We need to think differently about income inequality.
You know the conventional wisdom. Except for the top 1 percent and the upper middle class, most Americans are treading water. Their incomes have stagnated for decades. Worse — and despite contrary pledges from President Trump — this will persist, because the rich are grabbing more income for themselves through campaign contributions and lobbyists. Trump’s tax cut, weighted toward the rich, proves the point.
This is, at most, half the story.
We now have a new report from the Congressional Budget Office that supplies some of the necessary qualifications. Called “The Distribution of Household Income, 2014,” it provides the most detailed examination of income inequality by assessing virtually all changes to after-tax income — not only wages but also taxes and government benefits.
The picture that emerges departs from conventional wisdom. Rather than ignoring the plight of the poor, government redistributes hundreds of billions of dollars a year by taxing the rich and transferring the proceeds to low-income households. This routine redistribution tends to be minimized in our discussions of inequality.
Look at the table below, adapted from the CBO report. It divides the population into five parts, from the poorest fifth to the richest. It then reports average income for each fifth of the population, reflecting market income (wages, salaries, investment and business income), means-tested transfer payments (Medicaid, food stamps and other income-eligible programs) and federal taxes.
As the table shows, there is a massive amount of income redistribution, mainly from the richest fifth of the population to the poorest two-fifths. (Means-tested programs have income eligibility requirements. Social Security and Medicare are not means-tested and are counted as market income. Medicaid and food stamps are means-tested.) Government transfers are added to income; taxes are subtracted.
To take two examples from the table: The poorest households received $12,000 in government benefits in 2014, which increased their income by about 60 percent; meanwhile, the richest fifth of households paid $75,000 in average taxes, cutting their income by about 25 percent.
|Poorest Fifth||Second Fifth||Middle Fifth||Fourth Fifth||Richest Fifth|
Source: Congressional Budget Office, "The Distribution of Household Income, 2014."
So the first corrective to conventional wisdom is this: Government already provides significant redistribution. Maybe we should have more, maybe less. But we shouldn’t start with the notion that low-income households don’t stand a chance against the influence-peddling of the rich and well-to-do. History doesn’t support that. In 2014, the richest 1 percent paid 27 percent of federal taxes, and the richest 20 percent (including the top 1 percent) paid 70 percent of all taxes.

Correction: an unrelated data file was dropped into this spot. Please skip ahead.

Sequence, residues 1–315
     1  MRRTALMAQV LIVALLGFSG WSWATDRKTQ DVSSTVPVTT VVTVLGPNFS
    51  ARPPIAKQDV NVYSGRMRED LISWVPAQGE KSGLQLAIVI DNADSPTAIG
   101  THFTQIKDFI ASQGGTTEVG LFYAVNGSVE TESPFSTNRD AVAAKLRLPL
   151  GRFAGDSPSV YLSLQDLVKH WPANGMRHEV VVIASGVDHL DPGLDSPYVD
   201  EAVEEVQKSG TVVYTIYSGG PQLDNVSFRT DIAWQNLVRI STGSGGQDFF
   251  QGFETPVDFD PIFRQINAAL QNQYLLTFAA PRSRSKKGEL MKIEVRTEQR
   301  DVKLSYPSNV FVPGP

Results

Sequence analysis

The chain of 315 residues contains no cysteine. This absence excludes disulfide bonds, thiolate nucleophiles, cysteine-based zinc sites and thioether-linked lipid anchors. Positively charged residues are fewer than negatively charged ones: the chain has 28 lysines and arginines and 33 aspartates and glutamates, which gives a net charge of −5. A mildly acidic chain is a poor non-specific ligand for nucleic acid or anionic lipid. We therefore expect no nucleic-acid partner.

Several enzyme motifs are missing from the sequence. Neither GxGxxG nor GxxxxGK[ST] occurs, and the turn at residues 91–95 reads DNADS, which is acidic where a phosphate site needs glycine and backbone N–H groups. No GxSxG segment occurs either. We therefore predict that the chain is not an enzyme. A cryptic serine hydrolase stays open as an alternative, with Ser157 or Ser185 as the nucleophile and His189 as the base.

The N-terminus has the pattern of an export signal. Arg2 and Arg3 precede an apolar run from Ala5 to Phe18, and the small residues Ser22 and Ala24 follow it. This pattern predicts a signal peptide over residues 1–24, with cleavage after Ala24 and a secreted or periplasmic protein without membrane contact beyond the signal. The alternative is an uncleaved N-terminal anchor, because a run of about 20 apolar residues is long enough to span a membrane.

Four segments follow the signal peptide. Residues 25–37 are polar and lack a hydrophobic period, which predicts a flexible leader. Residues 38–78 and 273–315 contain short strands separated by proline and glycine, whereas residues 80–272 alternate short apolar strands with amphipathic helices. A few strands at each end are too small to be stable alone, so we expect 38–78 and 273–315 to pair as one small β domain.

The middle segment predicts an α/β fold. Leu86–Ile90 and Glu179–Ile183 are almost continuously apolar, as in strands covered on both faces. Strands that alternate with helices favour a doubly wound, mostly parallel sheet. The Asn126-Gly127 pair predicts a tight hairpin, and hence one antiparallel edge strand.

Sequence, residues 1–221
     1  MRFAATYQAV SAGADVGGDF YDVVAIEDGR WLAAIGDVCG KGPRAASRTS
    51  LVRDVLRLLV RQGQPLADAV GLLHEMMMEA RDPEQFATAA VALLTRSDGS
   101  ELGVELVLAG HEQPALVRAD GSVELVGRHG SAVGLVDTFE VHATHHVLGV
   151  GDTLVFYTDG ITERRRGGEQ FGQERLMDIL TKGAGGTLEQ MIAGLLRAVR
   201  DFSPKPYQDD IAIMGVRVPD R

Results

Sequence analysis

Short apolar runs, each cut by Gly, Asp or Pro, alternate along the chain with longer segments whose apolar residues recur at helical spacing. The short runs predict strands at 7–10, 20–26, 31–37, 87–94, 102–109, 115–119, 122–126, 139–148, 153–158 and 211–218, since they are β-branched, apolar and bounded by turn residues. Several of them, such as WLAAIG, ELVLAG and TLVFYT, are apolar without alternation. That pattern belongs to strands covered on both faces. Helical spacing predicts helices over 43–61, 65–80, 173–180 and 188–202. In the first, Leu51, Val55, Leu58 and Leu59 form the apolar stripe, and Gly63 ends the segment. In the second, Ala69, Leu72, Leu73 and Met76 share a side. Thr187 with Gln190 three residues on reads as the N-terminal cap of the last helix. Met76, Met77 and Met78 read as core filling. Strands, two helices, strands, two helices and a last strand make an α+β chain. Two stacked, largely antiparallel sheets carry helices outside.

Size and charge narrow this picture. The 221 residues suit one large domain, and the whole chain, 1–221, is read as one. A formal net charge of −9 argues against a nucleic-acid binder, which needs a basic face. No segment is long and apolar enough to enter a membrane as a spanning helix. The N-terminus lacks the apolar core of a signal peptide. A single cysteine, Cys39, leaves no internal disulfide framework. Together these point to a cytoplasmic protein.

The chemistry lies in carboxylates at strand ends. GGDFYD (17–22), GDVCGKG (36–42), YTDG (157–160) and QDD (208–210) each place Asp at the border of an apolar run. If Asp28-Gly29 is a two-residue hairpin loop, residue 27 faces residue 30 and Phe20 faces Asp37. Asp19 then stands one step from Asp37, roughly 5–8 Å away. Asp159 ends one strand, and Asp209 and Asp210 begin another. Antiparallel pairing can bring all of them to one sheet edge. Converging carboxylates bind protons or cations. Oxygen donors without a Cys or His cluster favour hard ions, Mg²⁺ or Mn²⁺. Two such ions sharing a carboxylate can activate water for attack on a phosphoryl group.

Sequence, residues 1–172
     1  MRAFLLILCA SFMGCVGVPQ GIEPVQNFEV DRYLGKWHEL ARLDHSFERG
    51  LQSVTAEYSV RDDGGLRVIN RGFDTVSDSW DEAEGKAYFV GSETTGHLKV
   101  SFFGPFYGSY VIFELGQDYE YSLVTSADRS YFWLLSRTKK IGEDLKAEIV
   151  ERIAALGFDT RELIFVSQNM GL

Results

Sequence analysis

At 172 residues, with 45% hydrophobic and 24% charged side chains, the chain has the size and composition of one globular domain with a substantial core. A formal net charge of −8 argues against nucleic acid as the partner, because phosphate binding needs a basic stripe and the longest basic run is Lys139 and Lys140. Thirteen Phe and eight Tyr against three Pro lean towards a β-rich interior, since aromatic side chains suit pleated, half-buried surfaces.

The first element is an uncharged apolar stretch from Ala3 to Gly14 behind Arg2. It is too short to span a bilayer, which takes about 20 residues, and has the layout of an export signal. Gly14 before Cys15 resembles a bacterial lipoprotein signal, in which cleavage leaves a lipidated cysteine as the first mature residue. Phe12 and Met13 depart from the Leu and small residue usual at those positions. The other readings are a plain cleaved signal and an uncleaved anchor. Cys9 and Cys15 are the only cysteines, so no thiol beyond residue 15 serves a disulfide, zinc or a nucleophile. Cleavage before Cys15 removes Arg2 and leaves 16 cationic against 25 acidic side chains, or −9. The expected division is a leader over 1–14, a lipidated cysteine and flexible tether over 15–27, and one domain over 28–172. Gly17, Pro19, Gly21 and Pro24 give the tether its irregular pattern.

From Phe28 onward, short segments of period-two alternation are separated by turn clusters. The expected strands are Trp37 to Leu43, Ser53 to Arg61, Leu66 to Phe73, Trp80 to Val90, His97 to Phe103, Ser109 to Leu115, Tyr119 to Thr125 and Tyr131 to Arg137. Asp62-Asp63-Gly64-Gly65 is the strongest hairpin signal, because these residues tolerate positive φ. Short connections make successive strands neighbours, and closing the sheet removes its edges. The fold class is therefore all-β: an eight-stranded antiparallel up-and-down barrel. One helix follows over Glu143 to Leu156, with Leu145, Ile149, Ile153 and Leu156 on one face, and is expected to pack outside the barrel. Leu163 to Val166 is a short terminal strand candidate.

The second corrective is related: When adjusted for government benefits and taxes, all income groups have achieved sizable income gains (after inflation) since 1979 or 2000. It’s true that the top 1 percent has gotten richer faster than everyone else; its gain since 1979 is a huge 228 percent.
Gains by other groups aren’t nearly as large, meaning that economic inequality is increasing, at least at the top. Still, the gains are noteworthy. Here are some figures: For the poorest fifth of Americans, the average income gain was 69 percent since 1979; it was 73 percent for the richest fifth, minus the top 1 percent; and 42 percent for the middle three-fifths of Americans. All groups also had gains since 2000.
Just why so many Americans think their living standards have stagnated or declined is not clear. One plausible explanation is that wage and salary increases — the most visible part of income for most households — have grown slowly, if at all. Another possibility is that average gains in many years, about 1 percent, are so small that they’re not recognized.
It’s important to get the story straight, because it influences the way people view government and politics. We have not produced a government for and by the rich and the upper middle class. The problem in some ways is just the opposite: Government and politicians have promised so much to so many that it’s hard to keep all the promises.
Similarly, economic growth has slowed, but it hasn’t stopped. Advances in living standards endure, even though they may seem more grudging. We’re better off with these messy truths than with the politically convenient fiction that hardly anyone, with the exception of those at the top, has gotten ahead. This is a formula for undue pessimism.
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